LOBSTER EN (C)ROUTE

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The very North East of the US of A offers some of the most spectacular scenery anywhere in the world so, rather than just fly to Montreal, for the last three or four years I’ve always gone by way of New York and driven up.

This year I decided to go via Maine, which is a bit of a detour but the promise of the world’s best lobster was enticement enough. First, though, I had NYC to deal with and shrugged off jetlag by stepping off the plane and heading straight to a late night houseparty at a painter’s studio on SoHo. The following night served up some Brooklyn BBQ action, and then on Monday I went to Yankee Stadium to watch the home team against the Cleveland Indians, as a guest of SAP.

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Front row at Yankee Stadium

Yankee Stadium has the best catering in world sport. Seriously, you should see the amount of food that was placed in front of me. Best seafood bar in New York too. I must have had three full lobsters, and was in danger of overdosing before Maine. Our seats were front row too, a dubious boast because one is always in danger of getting a ball in the face.

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Seafood galore chez Yankees

On Tuesday morning the nice people at Infiniti dropped off my ride for the next week: A big black Tennessee-plated JX35 SUV, a super-smooth cruiser perfect for the 14 hour trip to Montreal via Camden, which a friend of mine from Maine recommended as the prettiest place to overnight.

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The Dakota

I specialise in two tours: Ghostbusters and celebrity deaths, so I subjected my passengers to a drive up Central Park West just so I could point out Dana Barrett’s apartment block and the Dakota where John Lennon was killed.

I did the trip with two photographer chums. One of them, Andy, is, like me, originally from Wiltshire and a lot of the place names we encountered along the way from New York to Maine were familiar: Bath, Amesbury, Salisbury, Avon, Portsmouth, Bristol, Glastonbury, Andover, Marlborough… We crossed many state lines – Connecticut, Massachusetts, New Hampshire – all proudly welcoming you with their motto. New Hampshire’s sounds like a Bruce Willis movie: Live Free Or Die.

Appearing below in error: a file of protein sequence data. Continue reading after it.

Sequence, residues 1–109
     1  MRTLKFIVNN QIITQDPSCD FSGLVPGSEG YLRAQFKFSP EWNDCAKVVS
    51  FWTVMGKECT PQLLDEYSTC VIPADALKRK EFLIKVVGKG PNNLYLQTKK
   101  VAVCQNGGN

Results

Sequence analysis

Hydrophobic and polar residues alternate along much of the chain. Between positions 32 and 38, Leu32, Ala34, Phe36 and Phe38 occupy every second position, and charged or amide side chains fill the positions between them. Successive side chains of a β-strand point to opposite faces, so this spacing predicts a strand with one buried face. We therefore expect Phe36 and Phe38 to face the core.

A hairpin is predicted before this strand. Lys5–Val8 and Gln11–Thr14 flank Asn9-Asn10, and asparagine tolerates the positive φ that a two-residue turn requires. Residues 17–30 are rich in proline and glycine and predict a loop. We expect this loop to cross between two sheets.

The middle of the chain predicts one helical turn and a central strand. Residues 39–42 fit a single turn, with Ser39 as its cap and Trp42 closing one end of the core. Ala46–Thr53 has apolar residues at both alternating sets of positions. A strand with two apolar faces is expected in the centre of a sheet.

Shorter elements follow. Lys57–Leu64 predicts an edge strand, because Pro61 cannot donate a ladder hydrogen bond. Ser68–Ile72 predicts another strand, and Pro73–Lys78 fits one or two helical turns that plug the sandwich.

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Camden, Maine

Once in  Camden ME, we checked into our 50s-style B&B and headed down to the harbour for restorative Bloody Mary’s, made with horseradish as is the way in this part of the world. Here’s where Tom Parker Bowles and I argue: He reckons the horseradish upsets the delicate balance of flavours and is better without. I say horseradish makes everything better. Anyway, the greatest strain of all is the Caesar, the Canadian version made with clamato juice, and that is a major reason for attending the Canadian Grand Prix in itself.

After the Bloodies I had the best clam chowder I’ve ever tasted followed by lobster. After the double-header with the Yankees I was in danger of growing claws. The night was spent in the one bar in town trying to shoot elk on an arcade machine.

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Shooting elk (and some innocent cows) with @andyhone 

After a breakfast of skillet with eggs, chorizo and onions it was back on the road, crossing back to New Hampshire and then Vermont, across the stunning Grafton Notch and Dixville Notch state parks where the Infiniti loved the rollercoaster ride, stopping off at places called Moose Cave, Bear falls and Beaver Creek. The North American borders I’d been to in the past, both in the north and in the south, had been big official threatening looking things but the crossing we made at Hereford was a quaint cottage with one Canadian official and no queue.

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You have to keep your wits about you in Grafton Notch State Park, NH

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Crossing Pont Champlain into Montreal

Once in Canada the weather changed from a cloudless blue sky to grey and threatening. According to the weathermen, it could stay this way the whole race weekend. Good job my suitcase is packed for every single eventuality. And on the way back, it’ll be stuffed with clamato juice.

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